Welcome to ScubaBoard, an online scuba diving forum community where you can join over 205,000 divers diving from around the world. If the topic is related to scuba diving, this is the place to find divers talking about it. To gain full access to ScubaBoard (and make this large box go away) you must register for a free account. As a registered member you will be able to:
Participate in over 500 dive topic forums and browse from over 5,500,000 posts.
Communicate privately with other divers from around the world.
Post your own photos or view from well over 100,000 user submitted images.
Gain access to our free classifieds marketplace to buy, sell and trade gear, travel and services.
Use the calendar to organize your events and enroll in other members' events.
Find a dive buddy or communicate directly with scuba equipment manufacturers.
All this and much more is available to you absolutely free when you register for an account, so sign up today!
If you have any problems with the registration process or your account login, please contact the ScubaBoard Support Team.
It seems that I'll just need plug adapters ? German/Dutch style ?
what's really important is to check the website of your hotel or give them a call and find out exactly what they have.
Then, just for backup, go buy yourself a set of plug adapters and take with you. You're talking about $10 to $20 bucks, which might "save" your vacation a little by allowing you to charge your electronic devices. That way if the hotel worker is wrong, you can still power up.
I always take a small power strip or 3 way plug adapter also with me so I can plug multiple things in at once at night. (seems you're always wanting to recharge at least one or two cell phones, plug rechargeable camera batters for both above and below water cameras, plus maybe a laptop). a power strip, plug adapater, or 3 way extention cord doesn't take up that much space in your bag.
Curacao's Electrical supply is 110 - 130 volts/50 cycles, similar but not identical to the US standard. Most 60 cycle electrical appliances from the United States will function properly, although appliances that have internal time mechanisms will not keep the correct time.
don't let the range of 110-130v scare you. Your appliances will handle that. Voltages on "island power" flux some because of load/demand. (we've gotten spoiled in the US by our dependable cheap power).
If it's 110v, you can most likely expect the NEMA 5-15R outlet.
But you'd want to check with Habitat to make sure. Maybe someone's who's stayed there can chime in.
I'd still take a set of travel adapters regardless as they are cheap and don't take up any space. You never know when you might need them.
One more thing to note about Travel Adapters....
they come in two different types of sets. (which may be combined as a big set).
1.) is a power transformer. (which will convert for instance from 220v to 110v. check to see if it will convert from 50hz to 60hz also).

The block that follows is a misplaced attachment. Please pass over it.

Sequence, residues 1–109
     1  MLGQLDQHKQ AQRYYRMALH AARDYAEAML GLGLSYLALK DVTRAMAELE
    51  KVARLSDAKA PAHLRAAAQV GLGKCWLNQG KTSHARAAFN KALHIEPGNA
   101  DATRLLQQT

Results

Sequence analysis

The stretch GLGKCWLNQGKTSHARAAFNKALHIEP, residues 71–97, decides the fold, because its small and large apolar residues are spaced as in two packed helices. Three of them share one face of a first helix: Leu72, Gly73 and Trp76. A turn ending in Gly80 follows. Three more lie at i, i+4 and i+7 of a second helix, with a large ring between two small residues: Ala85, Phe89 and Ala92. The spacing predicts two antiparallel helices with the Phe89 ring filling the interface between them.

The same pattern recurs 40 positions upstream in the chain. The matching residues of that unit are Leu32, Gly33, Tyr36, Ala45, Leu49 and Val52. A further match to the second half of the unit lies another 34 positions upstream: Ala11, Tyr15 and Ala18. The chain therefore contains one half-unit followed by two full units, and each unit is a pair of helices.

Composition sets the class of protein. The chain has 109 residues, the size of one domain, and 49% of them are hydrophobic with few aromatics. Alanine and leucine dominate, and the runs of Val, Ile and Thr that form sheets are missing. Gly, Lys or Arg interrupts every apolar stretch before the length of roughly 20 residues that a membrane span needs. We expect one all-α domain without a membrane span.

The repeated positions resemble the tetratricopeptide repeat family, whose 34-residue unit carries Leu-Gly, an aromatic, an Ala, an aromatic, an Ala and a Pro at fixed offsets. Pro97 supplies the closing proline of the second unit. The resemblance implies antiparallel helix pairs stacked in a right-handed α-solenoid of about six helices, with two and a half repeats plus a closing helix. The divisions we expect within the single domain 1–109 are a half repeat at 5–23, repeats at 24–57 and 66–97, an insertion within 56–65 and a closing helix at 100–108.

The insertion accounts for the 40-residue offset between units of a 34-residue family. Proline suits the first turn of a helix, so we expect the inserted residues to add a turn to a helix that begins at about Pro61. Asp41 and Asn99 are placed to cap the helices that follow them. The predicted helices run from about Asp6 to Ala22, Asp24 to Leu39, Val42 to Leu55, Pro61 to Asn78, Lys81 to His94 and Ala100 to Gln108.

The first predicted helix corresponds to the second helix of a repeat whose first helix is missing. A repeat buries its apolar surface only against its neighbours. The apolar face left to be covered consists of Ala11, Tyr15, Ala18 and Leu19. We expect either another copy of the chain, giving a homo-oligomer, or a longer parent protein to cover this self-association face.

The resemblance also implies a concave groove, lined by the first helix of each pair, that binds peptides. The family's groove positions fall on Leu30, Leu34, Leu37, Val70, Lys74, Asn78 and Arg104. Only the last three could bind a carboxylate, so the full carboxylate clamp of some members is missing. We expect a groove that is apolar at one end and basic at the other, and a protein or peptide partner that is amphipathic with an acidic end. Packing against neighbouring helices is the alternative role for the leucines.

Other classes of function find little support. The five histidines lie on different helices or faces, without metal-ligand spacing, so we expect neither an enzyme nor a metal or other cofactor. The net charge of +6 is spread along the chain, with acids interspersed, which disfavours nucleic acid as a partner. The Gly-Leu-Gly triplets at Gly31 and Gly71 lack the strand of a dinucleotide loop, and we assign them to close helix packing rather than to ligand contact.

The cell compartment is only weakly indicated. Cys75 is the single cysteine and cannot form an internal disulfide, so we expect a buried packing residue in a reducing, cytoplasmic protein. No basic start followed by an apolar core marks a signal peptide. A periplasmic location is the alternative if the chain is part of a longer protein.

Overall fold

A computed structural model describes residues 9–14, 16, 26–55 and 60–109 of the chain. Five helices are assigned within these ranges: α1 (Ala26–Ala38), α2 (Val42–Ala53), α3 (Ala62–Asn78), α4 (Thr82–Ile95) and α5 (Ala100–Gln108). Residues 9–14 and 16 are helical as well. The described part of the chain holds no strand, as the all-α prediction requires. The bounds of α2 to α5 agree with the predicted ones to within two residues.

for example, here is a transformer,.
2.) is a set of travel plugs. If the transformer is not needed (like on a a laptop that will do 110-220v 50-60hz), you can get away with just using the plug convertors
3.) You can also use a combination of both sets. sometimes they are sold that way.
4.) one more thing to note is that some transformers will NOT work unless they are using like 200 watts or more of power. So they won't work with low wattage devices like cell phone chargers. READ AND CHECK BEFORE YOU BUY.
You can buy some transformers that you can "switch" for lower wattages devices. like this one.
Thanks Mike ! A crash course in travel electricity. Yes, I like you're idea of the power strip. I have a set of power plugs but there never seems to be enough outlets. Lap top, two camera battery rechargers, AA battery recharger for strobes, two cell phone rechargers, 2 dive light rechargers, 2 Kindle rechargers... unreal
I've stayed in a couple places that had both 220v and 110v plugs in the room. (because they get US and European guests). Of course the 110v plugs were never where you wanted them. so the power strip or the extention cord is nice to get it where you need it.
Also... some places might not have "grounded" plugs. (meaning just the two prong plugs)
having one of those 2-prong to 3-prong grounded adapters is good to put in your "power kit".
one of these
you can buy those for $1 or so at Walmart, but sucks to try to find one when on a trip.
EDIT: one last thing, when looking at a power transformer above, see if it converts frequency also (like from 50hz). not all do I don't think.
I can agree with all of the above (except the blowdryer: we have the tradewind for that).
The standard wall outlets have U.S. flat plugs:
two verticals metals (how do you call those things?) for 110 Volt and two horizontal metals for 220 Volts. In wet areas (like a kitchen) a grounding must be present.
They will work for the standard U.S. rechargers.
If you find a wall outlet for European round plugs, the change is great that it will be 220 Volt.
I just got back from Habitat a couple weeks ago. Take a power strip if you have that many items to charge. There were not alot of outlets in the room and between my boyfriend and I we had them all used up with chargers!
Outlets in the room itself were standard for the US; in the bathroom it was a European plug, so if you want to dry your hair while in the bathroom you will need a plug adaptor.
Boyfriend has the adaptors, and I always bring a 3-prong to 2-prong adaptor, as well as a small single plug style surge protector.